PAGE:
For Denver, Colorado, the city started picking up some shares of commercial buildings in the late 19th century. There was a push by the local politicians to transform its Seventeenth Street to become the "Wall Street of Denver" as seen in an 1892 pamphlet in promoting the Equitable Building by the Equitable Life Assurance Society.[26] Other buildings were constructed at other corners of 17th Street such as the Boston Building in 1890 and the Ideal Cement Building in 1907.[27] By that time, 17th Street had begun to be referred to as the "Wall Street of the West."[28] After the Colorado National Bank (First National Bank) was constructed in 1911, it reaffirmed its central business district's Wall Street status. 17th Street was also called the "Wall Street of the Rockies" at a later time as it attracted other premier financial institutions.[29]

Los Angeles[edit]

Los Angeles also picked up a fair share of financial companies starting in the early part of the 1900s. The new financial buildings were concentrating along South Spring Street. The title of "Wall Street of the West" was used and the Spring Street Financial District was born. The district continued to flourish for many decades until the 1960s when companies started shifting toward the western part of the downtown area.[30] By the early 1980s, many buildings were empty and the Spring Street showed no sign of its past as one of the financial centers.[31]

Fort Worth[edit]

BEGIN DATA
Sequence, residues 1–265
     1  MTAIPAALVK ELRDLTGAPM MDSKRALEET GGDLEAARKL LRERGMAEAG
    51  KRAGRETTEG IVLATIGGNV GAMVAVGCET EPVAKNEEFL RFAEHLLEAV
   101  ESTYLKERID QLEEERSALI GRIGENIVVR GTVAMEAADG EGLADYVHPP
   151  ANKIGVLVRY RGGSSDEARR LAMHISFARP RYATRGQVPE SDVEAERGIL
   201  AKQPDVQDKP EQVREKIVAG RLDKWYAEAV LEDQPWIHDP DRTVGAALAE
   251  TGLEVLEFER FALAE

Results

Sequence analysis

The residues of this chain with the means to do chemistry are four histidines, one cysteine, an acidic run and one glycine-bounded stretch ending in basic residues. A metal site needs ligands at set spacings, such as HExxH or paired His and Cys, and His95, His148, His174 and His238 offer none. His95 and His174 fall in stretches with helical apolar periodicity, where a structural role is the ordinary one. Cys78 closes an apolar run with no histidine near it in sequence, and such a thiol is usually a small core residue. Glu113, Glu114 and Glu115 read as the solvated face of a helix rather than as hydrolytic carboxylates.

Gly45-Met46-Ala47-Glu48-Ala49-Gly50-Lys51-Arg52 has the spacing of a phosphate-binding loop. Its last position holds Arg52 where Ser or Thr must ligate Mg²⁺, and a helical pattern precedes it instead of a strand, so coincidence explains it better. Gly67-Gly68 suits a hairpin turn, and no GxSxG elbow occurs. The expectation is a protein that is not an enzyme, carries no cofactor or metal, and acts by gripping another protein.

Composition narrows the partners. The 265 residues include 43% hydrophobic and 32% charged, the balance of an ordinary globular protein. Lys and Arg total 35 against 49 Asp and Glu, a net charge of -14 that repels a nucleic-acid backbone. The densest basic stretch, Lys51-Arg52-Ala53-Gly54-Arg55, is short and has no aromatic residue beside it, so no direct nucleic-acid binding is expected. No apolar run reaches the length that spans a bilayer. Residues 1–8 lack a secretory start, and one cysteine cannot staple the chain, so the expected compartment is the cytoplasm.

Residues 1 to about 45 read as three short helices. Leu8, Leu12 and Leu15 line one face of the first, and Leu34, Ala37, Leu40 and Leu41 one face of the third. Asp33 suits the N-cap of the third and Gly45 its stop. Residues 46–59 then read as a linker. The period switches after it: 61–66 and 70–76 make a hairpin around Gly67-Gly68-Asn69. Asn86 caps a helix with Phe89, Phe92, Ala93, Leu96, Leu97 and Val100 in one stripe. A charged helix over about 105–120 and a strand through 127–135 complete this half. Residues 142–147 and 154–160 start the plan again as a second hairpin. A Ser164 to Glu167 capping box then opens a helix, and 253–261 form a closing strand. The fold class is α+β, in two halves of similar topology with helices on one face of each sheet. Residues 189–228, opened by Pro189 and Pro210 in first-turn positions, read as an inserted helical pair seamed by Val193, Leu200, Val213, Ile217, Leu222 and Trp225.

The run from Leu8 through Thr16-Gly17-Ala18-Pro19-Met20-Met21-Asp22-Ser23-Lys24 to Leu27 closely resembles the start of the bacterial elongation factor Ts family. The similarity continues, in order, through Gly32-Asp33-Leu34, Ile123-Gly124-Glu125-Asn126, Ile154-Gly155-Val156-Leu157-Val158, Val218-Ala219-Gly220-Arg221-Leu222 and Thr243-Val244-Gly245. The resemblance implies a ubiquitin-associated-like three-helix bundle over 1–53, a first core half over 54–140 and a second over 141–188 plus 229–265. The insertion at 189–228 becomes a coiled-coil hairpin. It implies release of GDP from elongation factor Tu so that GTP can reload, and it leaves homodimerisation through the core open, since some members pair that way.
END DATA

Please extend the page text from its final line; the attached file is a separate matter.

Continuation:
Fort Worth, Texas was known as the "Wall Street of the West" starting in the early 1900s similarly to Los Angeles's South Spring Street. However, it was not the financial companies that gave Fort Worth Stockyards its Wall Street name, but the livestock trading. In 1902, the Livestock Exchange Building was constructed to house many livestock commission companies, telegraph offices, railroad offices and other support businesses. The business grew to the peak at 1944 which processed 5,277,496 head of livestock. After that year, the livestock exchange business started to decline until its low point in 1986. The Livestock Exchange Building is now a historical site.[32]


  1. ^ A Vision for Smart Transit in Jersey City Archived December 26, 2016, at the Wayback Machine, United States Department of Transportation, February 4, 2016. Accessed July 18, 2017. "Development along the Hudson River waterfront led to the development of the 'Wall Street West' financial district, one of the largest centers of banking and finance in the nation."
  2. ^ Hampson, Rick (16 April 2007). "Model of urban future: Jersey City?". USA Today. Retrieved 10 March 2013.
  3. ^ a b "Jersey City: "Wall Street West"". Bloomberg Business Week Magazine. 28 October 2001. Retrieved 10 March 2013.
  4. ^ Mary K. Jacob (July 29, 2022). "This New Jersey city is now America's most expensive to live in". New York Post. Retrieved August 6, 2022.
  5. ^ Williams, Winston (28 October 1988). "On the Jersey City Docks, Wall St. West". The New York Times. Retrieved 20 May 2013.